Having your cake and EATing it on Brunswick East's Lygon Street

Having your cake and EATing it on Brunswick East's Lygon Street
Having your cake and EATing it on Brunswick East's Lygon Street

Another of Brunswick East's prime development lots is at planning, accounting for well known Middle Eastern eatery Rumi and an adjacent at grade car park.

Collingwood-based Architects EAT have designed the apartment block, arguably hitting an interesting balance between form and function. 116-118 Lygon Street is the latest project to show a heightened degree of design nous along the established apartment strip, potentially adding another strong addition to the higher density design dynamic which has swept along the northern reaches of Lygon Street.

Potentially in that the application has just reached advertising with Moreland City Council, and is some time away from a decision.

Expected to fall to development for some time, the application's proponent Deryan & Co Pty Ltd took the application to planning late in 2017. An island site, the application also absorbs the adjacent 205 Edward Street.

116-118 Lygon Street application summary

Having your cake and EATing it on Brunswick East's Lygon Street
High activation over the rear of the site. Planning image: Architects EAT
  • Site area: 1,275sqm with 4 frontages
  • Proposed: 8 level apartment block at 24.5m in height
  • 47 apartments: 4 x 1BR, 37 x 2BR, 6 x 3BR
  • 2 basement levels for 72 vehicles and 111 bicycles
  • 5 retail tenancies: 275.4sqm
  • New Rumi restaurant: 246.7sqm
  • Ground floor communal area and rooftop terrace

Design basis

Architects EAT via their website note the arch is a symbol of a gateway, an entry, transition or landmark, thus the arched window was employed across the building. "We looked at the arched window prevalent in Brunswick’s eclectic neighbourhood and have transported it to the 21st century to match modern-day living."

The above is reinforced by planning agency Hansen Partnership who describe 116-118 Lygon Street in the following way:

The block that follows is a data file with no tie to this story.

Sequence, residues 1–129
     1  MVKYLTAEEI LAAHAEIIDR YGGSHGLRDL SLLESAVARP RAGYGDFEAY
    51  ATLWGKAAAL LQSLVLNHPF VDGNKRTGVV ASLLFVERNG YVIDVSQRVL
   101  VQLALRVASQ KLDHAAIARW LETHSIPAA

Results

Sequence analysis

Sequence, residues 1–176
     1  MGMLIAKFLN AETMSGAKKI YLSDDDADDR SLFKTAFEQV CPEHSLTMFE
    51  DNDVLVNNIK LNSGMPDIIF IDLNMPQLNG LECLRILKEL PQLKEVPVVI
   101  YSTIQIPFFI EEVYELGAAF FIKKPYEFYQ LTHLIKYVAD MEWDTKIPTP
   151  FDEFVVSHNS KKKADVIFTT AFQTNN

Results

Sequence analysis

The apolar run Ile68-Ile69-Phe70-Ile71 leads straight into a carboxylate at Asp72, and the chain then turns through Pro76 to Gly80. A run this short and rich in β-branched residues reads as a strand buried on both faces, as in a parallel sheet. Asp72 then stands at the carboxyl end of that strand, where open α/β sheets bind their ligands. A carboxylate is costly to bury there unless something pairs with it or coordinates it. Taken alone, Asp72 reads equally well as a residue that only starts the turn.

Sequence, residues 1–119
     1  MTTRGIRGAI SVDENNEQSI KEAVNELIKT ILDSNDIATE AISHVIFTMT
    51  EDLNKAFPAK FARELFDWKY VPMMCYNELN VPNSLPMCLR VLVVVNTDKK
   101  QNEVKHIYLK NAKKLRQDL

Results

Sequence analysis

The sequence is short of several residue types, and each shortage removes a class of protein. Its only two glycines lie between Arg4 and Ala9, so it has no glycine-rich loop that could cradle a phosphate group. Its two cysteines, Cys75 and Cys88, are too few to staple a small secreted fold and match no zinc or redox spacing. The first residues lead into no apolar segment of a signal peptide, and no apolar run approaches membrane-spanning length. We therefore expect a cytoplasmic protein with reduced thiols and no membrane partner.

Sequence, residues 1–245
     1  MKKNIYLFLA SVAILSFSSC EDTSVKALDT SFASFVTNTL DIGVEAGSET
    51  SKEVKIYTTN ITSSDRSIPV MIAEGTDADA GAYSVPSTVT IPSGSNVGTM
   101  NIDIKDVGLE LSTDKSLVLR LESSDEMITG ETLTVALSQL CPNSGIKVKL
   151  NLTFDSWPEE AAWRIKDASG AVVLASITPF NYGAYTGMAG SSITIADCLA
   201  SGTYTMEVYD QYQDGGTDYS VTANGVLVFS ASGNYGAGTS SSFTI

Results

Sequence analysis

The proposed building is of high architectural quality and incorporates a number of different elements to break up the form and ensure that it is an interesting building both at a pedestrian scale but also in the broad context of views from further north and south of Lygon Street and from the east and west of Edward Street.

At the podium level, the balconies will be vertically framed with steel metal fins and mesh balustrades to provide balcony protection, these have been designed in scalloped form along the Cocoa Jacksons Lane, Lygon and Edward Street.

Having your cake and EATing it on Brunswick East's Lygon Street
Lygon Street frontage. Planning image: Architects EAT

Changing the Lygon form

Lygon Street's changing built form has in itself evolved over recent years. Earlier apartment developments were very much rudimentary in their exterior expression, heavily dependant upon precast elements.

Hansen Partnership notes that the swing to higher density "change has already started to occur and is notable along Lygon Street with the level of mixed-use buildings under construction or recently finished. Approved developments are largely representative of the outcomes anticipated under the DDO19, with various heights that fall within and outside of the discretionary height limit, dependant on context."

116-118 Lygon Street is the latest application to enforce the upswing in design quality along Lygon Street. More recent atypical designs to land Brunswick East's Lygon Street include 396 Lygon Street and 362-366 Lygon Street.

Having your cake and EATing it on Brunswick East's Lygon Street
Lygon Street has gained some architectural merit

Mark Baljak

Mark Baljak

Mark Baljak was a co-founder of Urban.com.au. He passed away on Thursday 8th of November 2018 after a battle with cancer. He was 37. Mark was a keen traveller, having visited all six permanently-inhabited continents and had a love of craft beer. One of his biggest passions was observing the change that has occurred in Melbourne over the past two decades. In that time he built an enormous library of photos, all taken by him, which tracked the progress of construction on building sites from across metropolitan Melbourne.

Apartments Brunswick East Architects EAT


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